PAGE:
Once this “presentation” is done and we have begun to actively reject the world, replacing it with God\’s plan, we can move on to more specific things. In verse three, we are told to cultivate humility, then Paul begins to teach on what is perhaps the most important aspect of how to live: the Body of Christ.
When Paul looked for the best analogy to explain a Christian’s place in this world, he found the human body. Christianity was never meant to be a solitary experience, and when you become a Christian, you must come into contact with other believers to fulfill the purposes of your life. In the same way that a human body could not function with a torso in Georgia, a head somewhere in California, and the arms and legs scattered around the Midwest, neither can the Body — nor its individual parts — function properly when detached from each other. They soon wither and die. So your first task as a Christian is to seek fellowship with other Christians. After that, the things Paul taught in the next few verses will largely happen by themselves.
Are you called to preach? Then you will begin to develop a desire and an ability to preach. Are you called to administrate? You will. Are you called to teach? You will. Are you called to serve? Serve. Called to give? Give.
Let the Holy Spirit work to develop the gifts God has placed within you, so that you can function in His Body. You need to do this, not only for yourself, but for others, as they too are drawn into the body to receive and give. You have what they need. You need what they have.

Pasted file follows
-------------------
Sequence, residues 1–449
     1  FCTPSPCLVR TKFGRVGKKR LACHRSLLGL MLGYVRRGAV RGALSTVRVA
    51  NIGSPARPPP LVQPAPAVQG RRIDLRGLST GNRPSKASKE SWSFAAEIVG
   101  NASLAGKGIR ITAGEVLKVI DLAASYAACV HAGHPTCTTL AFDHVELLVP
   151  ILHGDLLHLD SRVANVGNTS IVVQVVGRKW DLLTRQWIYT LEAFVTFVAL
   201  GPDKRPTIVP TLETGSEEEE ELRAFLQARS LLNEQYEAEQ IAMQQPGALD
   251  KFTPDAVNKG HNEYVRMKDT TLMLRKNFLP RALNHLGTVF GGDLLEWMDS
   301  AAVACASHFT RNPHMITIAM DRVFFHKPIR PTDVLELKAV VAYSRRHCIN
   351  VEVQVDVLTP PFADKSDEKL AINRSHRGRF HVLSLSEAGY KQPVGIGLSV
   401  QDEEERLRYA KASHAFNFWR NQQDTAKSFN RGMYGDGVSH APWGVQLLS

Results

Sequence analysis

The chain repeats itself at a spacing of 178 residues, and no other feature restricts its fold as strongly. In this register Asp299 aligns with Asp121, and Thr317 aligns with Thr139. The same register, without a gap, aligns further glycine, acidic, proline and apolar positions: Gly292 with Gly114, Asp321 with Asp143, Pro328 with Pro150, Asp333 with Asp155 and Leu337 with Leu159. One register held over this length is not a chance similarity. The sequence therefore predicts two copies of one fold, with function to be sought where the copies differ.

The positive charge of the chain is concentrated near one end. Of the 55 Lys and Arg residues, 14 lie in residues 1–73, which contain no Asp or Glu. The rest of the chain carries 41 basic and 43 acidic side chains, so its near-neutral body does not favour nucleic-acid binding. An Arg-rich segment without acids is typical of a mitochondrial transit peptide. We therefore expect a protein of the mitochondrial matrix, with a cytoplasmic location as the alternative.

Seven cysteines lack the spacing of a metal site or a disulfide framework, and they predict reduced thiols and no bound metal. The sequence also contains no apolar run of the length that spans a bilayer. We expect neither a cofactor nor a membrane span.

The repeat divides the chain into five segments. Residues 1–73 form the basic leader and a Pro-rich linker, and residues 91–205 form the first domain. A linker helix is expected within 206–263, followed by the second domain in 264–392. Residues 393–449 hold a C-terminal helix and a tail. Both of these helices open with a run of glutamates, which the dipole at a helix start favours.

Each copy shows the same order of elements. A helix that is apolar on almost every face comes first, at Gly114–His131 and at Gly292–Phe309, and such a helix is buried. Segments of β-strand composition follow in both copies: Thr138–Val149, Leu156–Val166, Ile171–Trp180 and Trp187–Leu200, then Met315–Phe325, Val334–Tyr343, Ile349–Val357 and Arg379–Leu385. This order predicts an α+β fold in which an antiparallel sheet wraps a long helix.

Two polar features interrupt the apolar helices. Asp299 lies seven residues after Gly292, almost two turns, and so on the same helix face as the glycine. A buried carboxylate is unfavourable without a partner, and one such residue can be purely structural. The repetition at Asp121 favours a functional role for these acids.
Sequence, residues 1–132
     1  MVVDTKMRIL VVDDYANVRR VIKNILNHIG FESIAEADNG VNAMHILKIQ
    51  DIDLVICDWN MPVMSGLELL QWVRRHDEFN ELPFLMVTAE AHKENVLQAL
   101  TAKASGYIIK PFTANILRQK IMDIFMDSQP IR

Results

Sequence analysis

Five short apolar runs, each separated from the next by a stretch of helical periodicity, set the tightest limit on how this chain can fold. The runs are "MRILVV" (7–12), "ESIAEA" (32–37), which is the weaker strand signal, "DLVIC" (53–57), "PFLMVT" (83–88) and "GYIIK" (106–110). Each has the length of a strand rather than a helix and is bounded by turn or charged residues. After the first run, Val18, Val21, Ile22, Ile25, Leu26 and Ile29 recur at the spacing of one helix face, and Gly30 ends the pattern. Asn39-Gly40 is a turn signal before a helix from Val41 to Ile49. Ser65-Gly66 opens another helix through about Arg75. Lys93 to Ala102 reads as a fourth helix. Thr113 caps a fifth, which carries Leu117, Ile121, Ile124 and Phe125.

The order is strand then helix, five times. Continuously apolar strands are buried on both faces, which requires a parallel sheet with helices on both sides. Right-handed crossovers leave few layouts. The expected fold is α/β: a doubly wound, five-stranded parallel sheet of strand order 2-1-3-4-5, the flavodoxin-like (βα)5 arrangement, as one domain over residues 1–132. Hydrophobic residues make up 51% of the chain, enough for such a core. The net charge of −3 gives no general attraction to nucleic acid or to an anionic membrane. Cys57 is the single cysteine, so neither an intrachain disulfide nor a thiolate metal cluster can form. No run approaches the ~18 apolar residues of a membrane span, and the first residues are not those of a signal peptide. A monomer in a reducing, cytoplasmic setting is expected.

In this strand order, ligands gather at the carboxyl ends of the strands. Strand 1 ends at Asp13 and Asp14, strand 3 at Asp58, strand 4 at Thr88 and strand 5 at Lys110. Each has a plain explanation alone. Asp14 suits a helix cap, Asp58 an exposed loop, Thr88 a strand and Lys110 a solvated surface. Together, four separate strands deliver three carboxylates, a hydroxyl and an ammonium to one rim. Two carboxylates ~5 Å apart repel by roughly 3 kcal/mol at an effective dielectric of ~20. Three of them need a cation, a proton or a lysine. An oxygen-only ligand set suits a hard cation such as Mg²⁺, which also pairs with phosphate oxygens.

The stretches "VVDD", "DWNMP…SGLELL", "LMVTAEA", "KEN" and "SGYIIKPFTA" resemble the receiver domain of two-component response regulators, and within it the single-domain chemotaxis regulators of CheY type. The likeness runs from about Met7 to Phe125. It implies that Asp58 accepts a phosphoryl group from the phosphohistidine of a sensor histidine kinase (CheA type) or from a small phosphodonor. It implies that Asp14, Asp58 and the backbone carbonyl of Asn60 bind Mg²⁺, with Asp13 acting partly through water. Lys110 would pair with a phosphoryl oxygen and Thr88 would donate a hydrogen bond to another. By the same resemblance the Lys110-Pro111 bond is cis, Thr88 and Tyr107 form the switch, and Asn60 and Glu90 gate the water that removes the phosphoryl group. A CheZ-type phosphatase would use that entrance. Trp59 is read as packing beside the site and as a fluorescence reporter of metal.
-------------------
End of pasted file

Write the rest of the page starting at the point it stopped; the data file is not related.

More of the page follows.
I really enjoyed this book. I picked it up after a hearty recommendation from my pastor — which was both surprising and intriguing. After two of my sons reported that they both liked it, I was able to catch up with it after the busy holidays.
It has been a bit misrepresented to the public at large, though. I\’ve seen it at Target, in Wal-Mart, and on airport shelves, and every time it looks just like any other creepy novel that I’d pass over. And so I fear that those who pick it up may not be equipped to deal with the issues it uncovers. Maybe its uber-hip interpretations of the Trinity are absolutely spot on, but some of the philosophies that came along for the ride made my head spin. I can\’t imagine what they\’d do to a non-Christian — which is why I passed my copy along to a co-worker, with whom I’ll be eager to discuss it.
It’s a story about a Christian man who faces unforeseen tragedy while camping with his family, and a fruitless search that eventually leads him to an abandoned, dilapidated shack in the wilderness. Despair, a ‘Great Sadness’ in his words, settles on his sleepwalking soul for many years, until one day he gets a note, asking him to meet someone at that shack. Is it the killer? Could it be God? And would he really want to go either way?
I\’ve worked in deliverance ministry for over 10 years now, and I can tell you: there is nothing better than seeing people set free from old wounds. It\’s absolutely wonderful. My hope is that enough groundwork is laid in the book to draw people to Jesus, so that they can come to understand His deliverance. I wish that more churches went directly from salvation to deliverance ministry — in our church we\’re trying. This book is an excellent catalyst to get people thinking about the lingering chains from their past.
So overall, I heartily recommend The Shack. The bottom line isn\’t the presentation of the Trinity, or all that fluffy fill. The lesson is forgiveness, serious forgiveness. In order to be forgiven, we must forgive, even forgive the hardest person in the world. God will take care of the judgment; all we need to do is release the one who harmed us, and let Christ’s blood come and cleanse us. Glory! There’s no feeling like walking free of the Great Sadness. We weren\’t made to walk around like that.